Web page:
TEANECK – At the opening of his campaign headquarters in Teaneck, Democrat Roy Cho tore into the record of his Republican opponent in New Jersey’s Fifth Congressional District, U.S. Rep. Scott Garrett.
“This is somebody who voted against the Violence Against Women Act reauthorization, against the Voting Rights Act and initially was against federal funding for Hurricane Sandy victims, on principle, because he was against aid for Hurricane Katrina victims” Cho said to a crowd of more than 100 people at his newly-opened satellite headquarters on Cedar Lane. “[Garrett voted] against raising the minimum wage, against the extension of unemployment benefits, against child safety locks on handguns and against reopening the [federal] government following the shutdown [in 2013]. All these issues should be important to you regardless of whether you are a Democrat or a Republican. These are American issues that affect the middle of this country.”
Cho, 33, an attorney who lives in Hackensack, faces considerable odds against Garrett, 55, a conservative Republican with more than $3 million in his war chest. Cho, however, has raised close to $900,000 in campaign funds without the help of the Democratic Congressional Campaign Committee (DCCC) and put up his first cable television ad on Tuesday, before any Garrett ads have gone on the air.
State Senate Majority Leader Loretta Weinberg (D-37), a Teaneck resident, noted in her remarks that the addition of Democratic-trending municipalities such as Hackensack and most of Teaneck to CD 5 after the 2010 redistricting could change the game for an aggressive Democratic candidate.
“It is that Bergen County portion that is going to change the dynamics in this upcoming election between Roy Cho and the other unnamed person,” said Weinberg about the district, which includes a few Passaic municipalities and most of Warren and Sussex counties. “Conservative is too kind a word to give to him. He has voted no on every single human rights, progressive, thoughtful issue that comes before Congress, and he is one of the main reasons that Congress is as dysfunctional as it is. We are represented by someone completely out of touch with the people in this room. [Garrett] makes [New Jersey Gov.] Chris Christie look like a liberal.”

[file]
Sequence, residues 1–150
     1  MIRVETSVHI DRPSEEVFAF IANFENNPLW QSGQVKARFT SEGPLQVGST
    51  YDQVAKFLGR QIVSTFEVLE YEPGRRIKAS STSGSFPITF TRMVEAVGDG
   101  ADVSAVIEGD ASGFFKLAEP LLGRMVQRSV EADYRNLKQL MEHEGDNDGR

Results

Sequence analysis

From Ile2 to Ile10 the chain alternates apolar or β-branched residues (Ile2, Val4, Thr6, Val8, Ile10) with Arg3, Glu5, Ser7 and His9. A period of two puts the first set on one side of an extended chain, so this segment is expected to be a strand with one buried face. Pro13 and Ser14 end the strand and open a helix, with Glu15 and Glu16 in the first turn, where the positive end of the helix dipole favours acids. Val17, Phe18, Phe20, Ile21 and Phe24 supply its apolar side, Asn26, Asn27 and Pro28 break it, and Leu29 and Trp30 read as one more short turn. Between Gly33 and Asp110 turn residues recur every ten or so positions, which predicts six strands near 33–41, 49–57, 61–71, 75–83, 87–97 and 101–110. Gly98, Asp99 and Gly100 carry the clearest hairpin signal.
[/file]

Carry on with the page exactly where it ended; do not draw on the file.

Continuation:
The Garrett campaign did not immediately respond to a phone call seeking comment. But on Tuesday, Cho continued his campaign to unseat Garrett by placing the Garden State race within a national framework.
“We have an opportunity this election cycle to show the rest of the country that the Tea Party has no place in northern New Jersey. Despite people telling me that this is an uphill battle, I tell them this country was founded by underdogs,” Cho said. “We have a moral obligation to help people in this country move up, and it’s in our collective self-interest to do so.”